Isn't there a Social Security/Welfare system in your country?

    My in-laws life in South Africa, and the social security system is very limited, so that they are quite dependent on our financial support for their lifelihood. My sister-in-law would be able to work, but is struggling to find work, although she has a truck drivers licence, etc. ...

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    also, as a general question:

    What if I cut my dana, if I get the impression that my dana is exploited, and/or taken for granted...? and/or creates a dependency or expectation towards me as a dana-giver?

  6. #6
    Quote Originally Posted by Tobszn View Post
    also, as a general question:

    What if I cut my dana, if I get the impression that my dana is exploited, and/or taken for granted...? and/or creates a dependency or expectation towards me as a dana-giver?
    If you and your wife think that your financial contributions towards the living expenses of your wife's parents and sister are being exploited, then if you're not able to visit them, perhaps you and your wife could try discussing their circumstances by phone, the internet, or letters, and re-evaluate the situation.

    If they are very poor, I think perhaps you could explain that your own funds are limited but still help them when you're able to, because it could make their lives a llttle more bearable.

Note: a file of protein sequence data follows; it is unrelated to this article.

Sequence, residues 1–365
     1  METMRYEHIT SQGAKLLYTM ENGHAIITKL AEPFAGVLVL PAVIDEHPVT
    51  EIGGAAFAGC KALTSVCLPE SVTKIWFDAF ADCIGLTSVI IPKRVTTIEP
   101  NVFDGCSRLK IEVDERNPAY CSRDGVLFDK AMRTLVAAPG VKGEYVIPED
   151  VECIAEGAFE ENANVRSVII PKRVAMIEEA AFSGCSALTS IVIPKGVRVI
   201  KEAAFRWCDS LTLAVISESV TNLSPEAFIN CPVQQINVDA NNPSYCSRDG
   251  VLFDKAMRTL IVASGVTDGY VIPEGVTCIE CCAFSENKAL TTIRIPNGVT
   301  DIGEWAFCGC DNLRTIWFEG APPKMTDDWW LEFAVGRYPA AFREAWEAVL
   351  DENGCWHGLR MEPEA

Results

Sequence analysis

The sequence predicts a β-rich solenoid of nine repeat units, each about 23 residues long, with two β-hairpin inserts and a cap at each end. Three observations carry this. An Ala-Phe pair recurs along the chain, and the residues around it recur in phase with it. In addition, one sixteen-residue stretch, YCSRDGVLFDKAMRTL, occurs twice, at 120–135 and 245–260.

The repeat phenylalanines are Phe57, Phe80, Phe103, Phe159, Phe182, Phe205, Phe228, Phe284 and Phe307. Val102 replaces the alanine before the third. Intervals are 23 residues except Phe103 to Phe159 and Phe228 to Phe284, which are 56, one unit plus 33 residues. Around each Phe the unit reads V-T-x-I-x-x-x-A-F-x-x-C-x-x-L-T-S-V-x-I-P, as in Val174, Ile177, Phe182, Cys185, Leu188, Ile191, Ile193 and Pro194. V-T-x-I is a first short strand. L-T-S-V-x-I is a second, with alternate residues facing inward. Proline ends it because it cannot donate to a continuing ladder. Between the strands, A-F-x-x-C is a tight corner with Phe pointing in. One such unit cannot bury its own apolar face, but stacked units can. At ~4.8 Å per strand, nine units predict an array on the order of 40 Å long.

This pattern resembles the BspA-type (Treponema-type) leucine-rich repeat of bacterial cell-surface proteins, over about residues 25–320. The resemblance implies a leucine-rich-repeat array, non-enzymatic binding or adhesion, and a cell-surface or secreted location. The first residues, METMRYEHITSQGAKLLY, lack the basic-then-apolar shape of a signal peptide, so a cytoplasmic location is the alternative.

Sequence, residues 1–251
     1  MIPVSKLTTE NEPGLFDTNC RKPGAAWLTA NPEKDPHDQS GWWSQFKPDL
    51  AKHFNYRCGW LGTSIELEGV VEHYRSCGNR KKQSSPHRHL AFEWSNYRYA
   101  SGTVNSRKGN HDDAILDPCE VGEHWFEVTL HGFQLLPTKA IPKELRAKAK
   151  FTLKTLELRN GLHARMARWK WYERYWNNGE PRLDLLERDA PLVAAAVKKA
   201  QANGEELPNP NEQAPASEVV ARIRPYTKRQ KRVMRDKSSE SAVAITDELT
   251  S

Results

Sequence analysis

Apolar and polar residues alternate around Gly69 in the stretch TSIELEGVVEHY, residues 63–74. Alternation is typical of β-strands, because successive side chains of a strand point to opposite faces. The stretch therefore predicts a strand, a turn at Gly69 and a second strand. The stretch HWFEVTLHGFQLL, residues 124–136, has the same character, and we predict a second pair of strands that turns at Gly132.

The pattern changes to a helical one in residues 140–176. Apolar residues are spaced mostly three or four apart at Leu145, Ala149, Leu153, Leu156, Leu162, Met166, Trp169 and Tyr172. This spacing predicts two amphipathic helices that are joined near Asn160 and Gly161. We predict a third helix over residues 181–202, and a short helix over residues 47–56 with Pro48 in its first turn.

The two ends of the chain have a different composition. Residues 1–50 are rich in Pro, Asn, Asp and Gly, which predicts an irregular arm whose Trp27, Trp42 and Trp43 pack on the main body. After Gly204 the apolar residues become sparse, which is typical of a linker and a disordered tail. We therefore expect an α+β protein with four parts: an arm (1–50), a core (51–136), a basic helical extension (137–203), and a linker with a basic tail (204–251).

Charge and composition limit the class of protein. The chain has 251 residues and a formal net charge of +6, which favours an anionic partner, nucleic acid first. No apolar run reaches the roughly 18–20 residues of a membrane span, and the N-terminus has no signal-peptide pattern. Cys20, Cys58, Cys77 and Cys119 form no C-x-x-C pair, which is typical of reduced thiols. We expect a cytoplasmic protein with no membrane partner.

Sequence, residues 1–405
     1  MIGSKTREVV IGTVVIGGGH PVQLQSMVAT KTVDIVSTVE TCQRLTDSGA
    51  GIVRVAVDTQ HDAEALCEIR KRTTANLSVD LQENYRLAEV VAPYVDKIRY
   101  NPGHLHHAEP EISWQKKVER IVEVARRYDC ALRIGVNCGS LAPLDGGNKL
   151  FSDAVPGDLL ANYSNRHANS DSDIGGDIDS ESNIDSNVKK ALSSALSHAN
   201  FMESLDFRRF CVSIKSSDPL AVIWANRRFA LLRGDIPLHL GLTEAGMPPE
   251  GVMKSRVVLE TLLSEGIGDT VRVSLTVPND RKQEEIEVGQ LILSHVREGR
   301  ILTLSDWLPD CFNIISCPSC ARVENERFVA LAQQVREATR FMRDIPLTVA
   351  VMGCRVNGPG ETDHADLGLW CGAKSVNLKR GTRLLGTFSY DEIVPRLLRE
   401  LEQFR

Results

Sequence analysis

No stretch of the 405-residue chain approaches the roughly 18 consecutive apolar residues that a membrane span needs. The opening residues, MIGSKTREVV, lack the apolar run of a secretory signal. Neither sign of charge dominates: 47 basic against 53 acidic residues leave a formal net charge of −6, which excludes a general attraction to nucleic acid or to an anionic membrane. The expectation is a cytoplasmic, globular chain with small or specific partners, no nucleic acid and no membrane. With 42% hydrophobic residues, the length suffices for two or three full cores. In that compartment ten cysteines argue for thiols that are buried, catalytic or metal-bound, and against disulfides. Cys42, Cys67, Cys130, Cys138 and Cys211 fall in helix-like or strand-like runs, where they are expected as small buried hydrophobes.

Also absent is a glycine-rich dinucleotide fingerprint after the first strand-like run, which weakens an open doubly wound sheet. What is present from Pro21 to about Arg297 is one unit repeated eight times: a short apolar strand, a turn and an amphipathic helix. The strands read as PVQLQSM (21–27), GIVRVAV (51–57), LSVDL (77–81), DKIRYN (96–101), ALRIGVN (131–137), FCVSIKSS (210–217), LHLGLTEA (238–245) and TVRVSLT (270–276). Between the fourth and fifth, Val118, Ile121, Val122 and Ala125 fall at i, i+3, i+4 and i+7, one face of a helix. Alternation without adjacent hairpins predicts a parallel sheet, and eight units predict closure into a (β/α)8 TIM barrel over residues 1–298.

Life is brutal in some parts of the world and many kind people, Buddhist and non-Buddhist alike, try to give some support to their families (and to others) when its needed.



    PS

    Its possible that you might find some helpful advice in the section on family life in "A Constitution for Living" by the well-known Thai monk Ven. P.A. Payutto:

    https://www.scribd.com/document/7838...ng-P-A-Payutto

  7. #7
    The Buddha said :


    “Mother and father as the east,
    Teachers as the south,
    Spouse and family as the west,
    Friends and colleagues as the north,
    Servants and workers below,
    Brahmans and ascetics above;
    These directions a person should honor
    In order to be truly good.

    “Wise and virtuous,
    Gentle and eloquent,
    Humble and accommodating;
    Such a person attains glory.

    “Energetic, not lazy,
    Not shaken in misfortune,
    Flawless in conduct, and intelligent;
    Such a person attains glory.

    “A compassionate maker of friends,
    Approachable, free from stinginess,
    A leader, a teacher, and diplomat;
    Such a person attains glory.

    “Generosity and kind words,
    Conduct for others’ welfare,
    Impartiality in all things;
    These are suitable everywhere.

    “These kind dispositions hold the world together,
    Like the linchpin of a moving chariot.
    And should these kind dispositions not exist,
    Then the mother would not receive
    Respect or honor from her child,
    Neither would a father.

    “Upon these things
    The wise reflect;
    They obtain greatness
    And are sources of praise.”


    https://suttacentral.net/en/dn31